But while it’s constructive to acknowledge the Democratic party’s deficiencies, it’s also important to remember that politics often requires an attitude of pragmatic realism and the ability to differentiate between shades of grey. With that in mind, those who want the country to return to fiscal sanity should favor the Democratic party. Though the party frequently veers off course, it at least recognizes that the deficit is getting out of control and that budgetary math needs to add up.
While Biden’s proposed budget does increase spending by $3 trillion, for instance, it more than offsets those expenses with new revenue, mostly by raising taxes on wealthy people and corporations.
In total, Biden’s 10-year budget would actually decrease the debt by $3 trillion relative to the status quo. While that may not be enough for deficit hawks, it is a sign that Democrats recognize the debt problem and are willing to take tangible steps to mitigate it. Moreover, this is not the first time in the recent past that Democrats have made deficit reduction a priority: just last year, Democrats passed the Inflation Reduction Act, which reduced the 10-year deficit by nearly $250 billion.
In an ideal world, Democrats would get even more serious about deficit reduction. A good north star would be to stabilize the debt-to-GDP ratio. Eliminating the debt is unrealistic, and even deficit hawks say that this more modest goal of ratio stabilization would be sustainable. Right now, the debt is just under 100 percent of the nation’s annual GDP, and keeping it around that level would require cutting the deficit by around $7 trillion over the next decade. This may be ambitious, but it’s a good benchmark.
There is no one right way to go about reducing the deficit. The budget has many moving pieces, and anybody serious about deficit reduction has a lot of options to consider and should be prepared to compromise. That said, my ideal plan would avoid increasing taxes on individuals and cutting programs that help the neediest Americans, like SNAP (food stamps) or Medicaid.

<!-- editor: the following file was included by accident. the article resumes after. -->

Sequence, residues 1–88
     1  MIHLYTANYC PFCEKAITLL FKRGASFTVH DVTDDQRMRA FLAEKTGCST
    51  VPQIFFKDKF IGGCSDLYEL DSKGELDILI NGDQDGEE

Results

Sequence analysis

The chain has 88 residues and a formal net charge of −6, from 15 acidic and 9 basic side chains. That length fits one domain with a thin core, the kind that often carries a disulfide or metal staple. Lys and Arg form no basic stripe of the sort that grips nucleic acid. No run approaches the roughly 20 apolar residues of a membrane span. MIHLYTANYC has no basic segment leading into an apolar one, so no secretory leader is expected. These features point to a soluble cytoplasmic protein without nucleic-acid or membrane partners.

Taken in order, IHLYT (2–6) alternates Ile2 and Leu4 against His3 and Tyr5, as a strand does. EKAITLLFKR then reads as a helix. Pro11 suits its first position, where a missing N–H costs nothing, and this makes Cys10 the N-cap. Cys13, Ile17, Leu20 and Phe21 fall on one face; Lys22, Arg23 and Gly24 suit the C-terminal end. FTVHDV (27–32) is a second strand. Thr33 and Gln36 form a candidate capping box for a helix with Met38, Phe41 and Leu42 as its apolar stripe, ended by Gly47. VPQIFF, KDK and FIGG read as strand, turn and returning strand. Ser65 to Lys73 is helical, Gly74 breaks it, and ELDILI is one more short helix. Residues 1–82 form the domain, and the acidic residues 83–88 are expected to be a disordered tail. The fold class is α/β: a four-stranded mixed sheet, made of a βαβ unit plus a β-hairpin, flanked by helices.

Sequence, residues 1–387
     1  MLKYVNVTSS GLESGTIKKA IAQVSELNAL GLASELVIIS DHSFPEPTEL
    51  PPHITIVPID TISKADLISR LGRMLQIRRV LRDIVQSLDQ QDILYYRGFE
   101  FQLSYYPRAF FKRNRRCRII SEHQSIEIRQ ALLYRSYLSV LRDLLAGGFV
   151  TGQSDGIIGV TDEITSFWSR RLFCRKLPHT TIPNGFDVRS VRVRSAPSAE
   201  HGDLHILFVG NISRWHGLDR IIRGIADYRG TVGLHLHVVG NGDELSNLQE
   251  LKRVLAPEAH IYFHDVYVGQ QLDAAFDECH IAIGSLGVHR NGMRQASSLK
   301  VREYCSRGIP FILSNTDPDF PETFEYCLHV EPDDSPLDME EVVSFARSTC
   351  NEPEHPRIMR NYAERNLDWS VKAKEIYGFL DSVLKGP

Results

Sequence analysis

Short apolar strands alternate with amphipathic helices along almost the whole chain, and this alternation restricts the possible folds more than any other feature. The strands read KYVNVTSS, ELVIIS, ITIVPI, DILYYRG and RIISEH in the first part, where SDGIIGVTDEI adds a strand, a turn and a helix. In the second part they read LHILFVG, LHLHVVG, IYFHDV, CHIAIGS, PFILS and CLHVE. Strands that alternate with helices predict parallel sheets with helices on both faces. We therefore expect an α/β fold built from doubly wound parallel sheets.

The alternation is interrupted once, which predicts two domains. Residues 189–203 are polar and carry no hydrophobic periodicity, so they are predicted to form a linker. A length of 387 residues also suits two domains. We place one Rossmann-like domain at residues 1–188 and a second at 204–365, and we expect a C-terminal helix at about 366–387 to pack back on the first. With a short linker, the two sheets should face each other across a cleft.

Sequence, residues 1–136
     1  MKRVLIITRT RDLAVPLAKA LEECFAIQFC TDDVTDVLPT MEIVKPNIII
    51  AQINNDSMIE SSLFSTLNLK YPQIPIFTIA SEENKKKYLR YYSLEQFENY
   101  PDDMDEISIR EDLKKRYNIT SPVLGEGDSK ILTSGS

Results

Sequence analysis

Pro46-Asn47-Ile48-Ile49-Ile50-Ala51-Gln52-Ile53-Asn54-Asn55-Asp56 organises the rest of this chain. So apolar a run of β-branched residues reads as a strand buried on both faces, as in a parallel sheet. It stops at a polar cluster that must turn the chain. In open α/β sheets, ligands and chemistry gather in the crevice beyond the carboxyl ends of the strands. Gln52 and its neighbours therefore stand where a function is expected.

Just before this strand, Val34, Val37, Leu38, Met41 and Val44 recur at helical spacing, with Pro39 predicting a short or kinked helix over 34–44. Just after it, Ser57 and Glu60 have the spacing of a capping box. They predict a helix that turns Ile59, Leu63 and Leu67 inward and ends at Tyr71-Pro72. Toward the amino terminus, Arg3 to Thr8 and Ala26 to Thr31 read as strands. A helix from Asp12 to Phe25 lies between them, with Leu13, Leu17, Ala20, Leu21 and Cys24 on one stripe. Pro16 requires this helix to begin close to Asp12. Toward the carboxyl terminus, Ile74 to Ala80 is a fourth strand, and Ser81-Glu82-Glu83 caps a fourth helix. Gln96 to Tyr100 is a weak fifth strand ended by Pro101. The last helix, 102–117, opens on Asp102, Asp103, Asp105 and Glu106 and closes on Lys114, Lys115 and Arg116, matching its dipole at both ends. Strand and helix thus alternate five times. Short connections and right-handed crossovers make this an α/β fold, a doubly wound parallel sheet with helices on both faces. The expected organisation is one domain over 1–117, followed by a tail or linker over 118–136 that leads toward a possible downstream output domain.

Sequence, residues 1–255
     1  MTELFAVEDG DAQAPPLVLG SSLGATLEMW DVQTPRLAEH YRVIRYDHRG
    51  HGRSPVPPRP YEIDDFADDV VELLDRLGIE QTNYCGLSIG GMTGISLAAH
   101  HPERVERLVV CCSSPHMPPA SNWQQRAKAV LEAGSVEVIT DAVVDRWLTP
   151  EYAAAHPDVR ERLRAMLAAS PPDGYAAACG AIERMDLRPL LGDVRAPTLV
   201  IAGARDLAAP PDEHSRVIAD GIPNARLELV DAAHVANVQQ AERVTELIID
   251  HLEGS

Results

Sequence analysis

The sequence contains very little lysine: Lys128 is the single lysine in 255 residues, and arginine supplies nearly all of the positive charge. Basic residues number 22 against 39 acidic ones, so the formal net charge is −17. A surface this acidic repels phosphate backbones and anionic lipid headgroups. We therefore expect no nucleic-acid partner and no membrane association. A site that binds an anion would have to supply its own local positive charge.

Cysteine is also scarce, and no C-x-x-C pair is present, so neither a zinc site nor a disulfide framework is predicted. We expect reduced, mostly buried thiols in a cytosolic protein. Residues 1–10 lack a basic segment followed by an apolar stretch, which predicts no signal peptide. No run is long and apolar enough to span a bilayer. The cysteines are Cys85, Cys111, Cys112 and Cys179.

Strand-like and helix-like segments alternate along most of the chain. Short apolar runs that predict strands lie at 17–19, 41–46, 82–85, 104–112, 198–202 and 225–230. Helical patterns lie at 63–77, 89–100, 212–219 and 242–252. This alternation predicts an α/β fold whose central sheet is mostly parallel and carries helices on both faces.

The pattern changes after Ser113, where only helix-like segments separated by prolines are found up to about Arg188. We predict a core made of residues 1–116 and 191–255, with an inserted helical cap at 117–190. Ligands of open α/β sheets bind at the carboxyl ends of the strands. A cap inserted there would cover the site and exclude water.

Instead, I’d prefer a plan that (1) cuts costs by restructuring Social Security and Medicare and (2) raises revenue by increasing taxes on corporations and eliminating certain tax deductions.
There’s no way around the fact that the cost-cutting will be painful. To get close to the $7 trillion benchmark, Democrats would need to touch the political third rails of Social Security and Medicare. It’d be hard, but Democrats could conceivably get enough Republicans on board to reform Social Security with some combination of means testing, standardizing benefits, and raising the retirement age. They could make similar changes to Medicare by raising the age of eligibility and increasing premiums. These are heavy lifts, and they would require the country to start thinking about these programs less as retirement plans and more as parts of the social safety net.
The revenue-raising would be slightly less challenging. Democrats could, for instance, roll back the $1.7 trillion in corporate tax cuts that Republicans passed in 2017. There are also a few proposals that, from my perspective, double as revenue-raisers and good policy more generally. Specifically, Democrats could push to end or limit tax deductions for employer-paid health insurance or impose a tax on carbon emissions.
Unfortunately, given how politically unpopular and electorally painful this agenda would be, it’s effectively a non-starter among Democrats. That could change in the coming years when Social Security and Medicare trust funds start to dry up and as the rising debt causes other unignorable economic disruptions. But for now, neither party seems ready to do what’s required to put the country on a sustainable financial footing.
As is so often the case in American politics, voters will ultimately be left deciding between two less-than-perfect options: the Republican Party, which has given up on basic budgetary arithmetic altogether and sees the debt primarily as a political weapon, and the Democratic Party, which spends too much and exploits budgetary gimmicks, but still sees reducing the deficit as a genuinely important objective.
Unless the GOP can prove it is willing to meaningfully address our budget crisis, something it insists on when the party’s out of power but drops the moment it’s in charge, those of us concerned with freefalling federal debt will continue to look to Democrats to attack this problem.
Seth Moskowitz is a journalist writing about American politics and elections. He is also an editor at Persuasion. Subscribe to his blog, Brain Candy for free.